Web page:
They are two quite separate activities that these two organisations do. Simply because they deal with parts of our bodies is not a reason to say, 'That's easy; we'll just amalgamate them.' We took evidence from both of those authorities. We asked them where the savings were. When you look at the budgets of both of them, they are very lean organisations. They are organisations that do not have excess activities that can be trimmed. Frankly, the only evidence we really received is that the two CEOs would turn into one. In my view, that would diminish the activity of that CEO, whomever it might be if the government gets its way, to be able to make sure that those different tasks are done properly.
The committee has taken evidence not only from the two entities but it also talked to others. When we were in Moruya we talked to a gentleman who was the recipient of a donated kidney and his evidence to us was quite strong that the authority would not gain. In fact, he was concerned that there would be a diminished effort around the amalgamation of those two organisations. We say this in the context of the fact that this year organ donation rates are not tracking where they were 12 months ago. We do not have an answer for why that is happening, but it is of concern. So I say to the government very clearly: this is mistaken; there are no savings in this proposed amalgamation. There are very good policy reasons why we need two separate entities. They do not cost that much. Amalgamating them will potentially impact on our organ and tissue donation rates. Hopefully it would not impact on the contract management with Red Cross, but I do alert the government to the fear that is in the community. We cannot undermine the great work that we have seen done by the authority and the organ and tissue donation authority under their current leaders. Our recommendation is: cease the merger, cease this happening and make sure these organisations get on with their jobs of making sure that their activities are continued.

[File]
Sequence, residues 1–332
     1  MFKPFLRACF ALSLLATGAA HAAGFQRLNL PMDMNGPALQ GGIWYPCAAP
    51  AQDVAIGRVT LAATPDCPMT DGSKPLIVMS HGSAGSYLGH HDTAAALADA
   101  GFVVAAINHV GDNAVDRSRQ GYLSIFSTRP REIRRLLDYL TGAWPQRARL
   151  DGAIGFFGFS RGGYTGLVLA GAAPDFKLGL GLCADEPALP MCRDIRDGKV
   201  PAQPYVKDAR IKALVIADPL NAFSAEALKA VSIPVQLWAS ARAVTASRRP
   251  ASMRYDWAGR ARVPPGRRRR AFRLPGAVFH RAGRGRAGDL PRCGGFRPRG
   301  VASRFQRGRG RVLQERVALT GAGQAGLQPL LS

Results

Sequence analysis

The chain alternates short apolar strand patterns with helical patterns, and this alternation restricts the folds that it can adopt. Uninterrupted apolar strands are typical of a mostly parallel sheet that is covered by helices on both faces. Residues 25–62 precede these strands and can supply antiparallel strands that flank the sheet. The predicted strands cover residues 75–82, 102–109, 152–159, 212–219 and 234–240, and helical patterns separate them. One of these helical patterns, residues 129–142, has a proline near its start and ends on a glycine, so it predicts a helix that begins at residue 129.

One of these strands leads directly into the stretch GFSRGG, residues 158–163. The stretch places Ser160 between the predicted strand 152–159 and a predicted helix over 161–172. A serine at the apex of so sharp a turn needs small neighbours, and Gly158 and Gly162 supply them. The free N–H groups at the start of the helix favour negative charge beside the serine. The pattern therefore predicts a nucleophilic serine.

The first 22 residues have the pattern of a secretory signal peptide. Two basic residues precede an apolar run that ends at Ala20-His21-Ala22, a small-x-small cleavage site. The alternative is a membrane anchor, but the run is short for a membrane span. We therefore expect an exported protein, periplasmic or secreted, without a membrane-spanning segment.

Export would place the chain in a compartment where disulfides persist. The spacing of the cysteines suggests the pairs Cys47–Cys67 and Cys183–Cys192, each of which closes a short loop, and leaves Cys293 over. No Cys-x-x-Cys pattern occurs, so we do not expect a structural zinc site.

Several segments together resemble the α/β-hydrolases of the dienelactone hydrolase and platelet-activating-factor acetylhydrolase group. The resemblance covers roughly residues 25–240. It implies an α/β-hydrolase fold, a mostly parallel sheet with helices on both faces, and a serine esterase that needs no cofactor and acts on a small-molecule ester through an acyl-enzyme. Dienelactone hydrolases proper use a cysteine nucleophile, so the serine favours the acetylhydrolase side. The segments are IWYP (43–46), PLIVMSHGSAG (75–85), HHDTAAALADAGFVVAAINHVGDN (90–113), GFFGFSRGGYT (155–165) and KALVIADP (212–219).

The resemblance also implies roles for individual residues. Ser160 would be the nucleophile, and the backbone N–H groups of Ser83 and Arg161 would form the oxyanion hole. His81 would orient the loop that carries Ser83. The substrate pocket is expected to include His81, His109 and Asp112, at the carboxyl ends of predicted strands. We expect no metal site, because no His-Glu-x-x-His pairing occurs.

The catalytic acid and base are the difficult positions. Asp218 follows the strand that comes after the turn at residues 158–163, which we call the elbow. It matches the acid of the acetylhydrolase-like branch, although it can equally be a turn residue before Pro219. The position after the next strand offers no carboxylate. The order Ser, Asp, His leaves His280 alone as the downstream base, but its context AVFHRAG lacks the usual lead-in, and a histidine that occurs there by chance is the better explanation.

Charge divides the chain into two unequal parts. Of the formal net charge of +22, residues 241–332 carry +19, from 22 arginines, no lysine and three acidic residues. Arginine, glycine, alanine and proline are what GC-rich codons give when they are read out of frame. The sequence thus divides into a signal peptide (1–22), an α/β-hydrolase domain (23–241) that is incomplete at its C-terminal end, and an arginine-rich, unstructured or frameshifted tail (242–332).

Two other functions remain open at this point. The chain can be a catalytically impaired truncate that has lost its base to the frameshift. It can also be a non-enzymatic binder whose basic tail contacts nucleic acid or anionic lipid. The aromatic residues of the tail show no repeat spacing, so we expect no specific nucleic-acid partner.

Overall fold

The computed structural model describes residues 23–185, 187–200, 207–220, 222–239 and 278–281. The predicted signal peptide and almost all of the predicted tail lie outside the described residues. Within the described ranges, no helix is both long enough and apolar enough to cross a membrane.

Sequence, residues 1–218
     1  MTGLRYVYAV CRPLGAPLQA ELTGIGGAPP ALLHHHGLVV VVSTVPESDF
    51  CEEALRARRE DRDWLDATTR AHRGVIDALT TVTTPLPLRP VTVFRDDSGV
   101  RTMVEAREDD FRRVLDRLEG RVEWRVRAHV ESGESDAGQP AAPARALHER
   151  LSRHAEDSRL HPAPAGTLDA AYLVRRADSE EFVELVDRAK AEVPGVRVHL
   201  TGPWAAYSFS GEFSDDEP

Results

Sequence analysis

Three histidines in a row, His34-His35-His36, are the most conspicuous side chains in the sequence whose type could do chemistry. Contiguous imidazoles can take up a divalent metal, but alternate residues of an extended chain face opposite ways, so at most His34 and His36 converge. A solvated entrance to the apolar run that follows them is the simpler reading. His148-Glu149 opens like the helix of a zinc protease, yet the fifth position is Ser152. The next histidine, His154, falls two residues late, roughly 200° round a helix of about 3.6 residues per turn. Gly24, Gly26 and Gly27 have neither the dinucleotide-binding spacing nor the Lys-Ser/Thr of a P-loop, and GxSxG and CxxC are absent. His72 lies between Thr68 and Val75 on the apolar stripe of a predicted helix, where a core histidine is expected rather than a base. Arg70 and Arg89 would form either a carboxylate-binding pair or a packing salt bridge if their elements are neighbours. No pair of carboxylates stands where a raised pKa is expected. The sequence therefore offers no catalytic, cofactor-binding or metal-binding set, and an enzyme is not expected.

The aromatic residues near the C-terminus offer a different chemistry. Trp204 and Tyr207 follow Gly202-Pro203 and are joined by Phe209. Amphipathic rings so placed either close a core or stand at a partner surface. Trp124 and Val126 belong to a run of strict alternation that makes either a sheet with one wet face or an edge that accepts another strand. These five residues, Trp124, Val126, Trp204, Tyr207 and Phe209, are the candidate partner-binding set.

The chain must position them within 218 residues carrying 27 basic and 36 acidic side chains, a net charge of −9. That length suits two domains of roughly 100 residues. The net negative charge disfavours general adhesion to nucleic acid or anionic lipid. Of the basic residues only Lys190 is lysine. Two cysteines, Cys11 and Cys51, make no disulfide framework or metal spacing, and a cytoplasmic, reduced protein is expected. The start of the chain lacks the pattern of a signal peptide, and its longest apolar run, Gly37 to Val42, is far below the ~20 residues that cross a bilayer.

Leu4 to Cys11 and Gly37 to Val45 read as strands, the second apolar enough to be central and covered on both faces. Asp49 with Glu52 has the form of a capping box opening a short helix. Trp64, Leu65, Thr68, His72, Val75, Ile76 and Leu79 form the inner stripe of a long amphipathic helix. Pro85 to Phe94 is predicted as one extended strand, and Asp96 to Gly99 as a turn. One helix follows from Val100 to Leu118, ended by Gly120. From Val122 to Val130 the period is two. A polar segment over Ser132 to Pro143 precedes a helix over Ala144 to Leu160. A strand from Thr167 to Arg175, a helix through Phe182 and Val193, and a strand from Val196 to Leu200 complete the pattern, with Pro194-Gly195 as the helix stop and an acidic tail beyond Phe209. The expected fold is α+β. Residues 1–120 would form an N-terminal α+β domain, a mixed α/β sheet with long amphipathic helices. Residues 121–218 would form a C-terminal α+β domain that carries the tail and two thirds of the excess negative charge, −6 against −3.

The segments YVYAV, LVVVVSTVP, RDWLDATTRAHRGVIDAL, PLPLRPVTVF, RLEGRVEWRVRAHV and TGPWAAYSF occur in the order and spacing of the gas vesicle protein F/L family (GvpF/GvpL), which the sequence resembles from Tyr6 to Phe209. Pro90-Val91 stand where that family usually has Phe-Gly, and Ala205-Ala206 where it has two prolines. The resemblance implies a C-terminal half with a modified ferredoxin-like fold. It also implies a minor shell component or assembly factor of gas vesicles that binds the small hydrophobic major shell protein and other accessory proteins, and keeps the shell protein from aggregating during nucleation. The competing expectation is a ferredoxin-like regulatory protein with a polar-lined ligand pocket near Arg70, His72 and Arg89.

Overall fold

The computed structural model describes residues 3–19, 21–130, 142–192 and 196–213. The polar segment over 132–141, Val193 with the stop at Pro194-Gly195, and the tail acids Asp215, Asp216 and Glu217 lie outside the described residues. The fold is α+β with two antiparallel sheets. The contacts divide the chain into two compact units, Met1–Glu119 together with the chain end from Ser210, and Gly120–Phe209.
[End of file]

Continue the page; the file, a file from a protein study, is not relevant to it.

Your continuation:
I will finish my comments now and pass over to the committee's very excellent chair, but, in doing so, I do want to pay tribute to the staff who have provided us with excellent support. It has been a difficult committee to run, so to Mr Palethorpe and Miss Reardon: thank you very much for all your support.
I rise to take note of the first interim report of the Senate Select Committee on Health. Firstly, let me state how truly grateful I am to the health professionals, nurses, ambos, diabetes advocates, doctors, health administrators and the other brave citizens who came before our committee to give evidence about the Abbott government's attempts to destroy Australia's health system. We heard damning evidence about the government's failure to consult the sector prior to breaking its promises and revealing its real plans around a GP tax in the federal budget in May.
Tony Abbott promised before the election that there would be no cuts to health, but we all know what an untruth that was. Indeed, the budget revealed $60 billion in cuts. What this committee has revealed is that the combination of a $7 co-payment on GP visits, on pathology and on diagnostic imaging and on the other associated cuts that go alongside those co-payments equate to much more than a cut. They are better described as machete blows to the entire sector, devised to bring about the death of Medicare. In the preparation that was undertaken by the government for this attack on Medicare through the attack on GP co-payments, the AMA have made it very clear that they were amongst the illustrious groups in this country that were ignored. There was a complete failure of consultation at any stage prior to the budget. The AMA actually put on the record: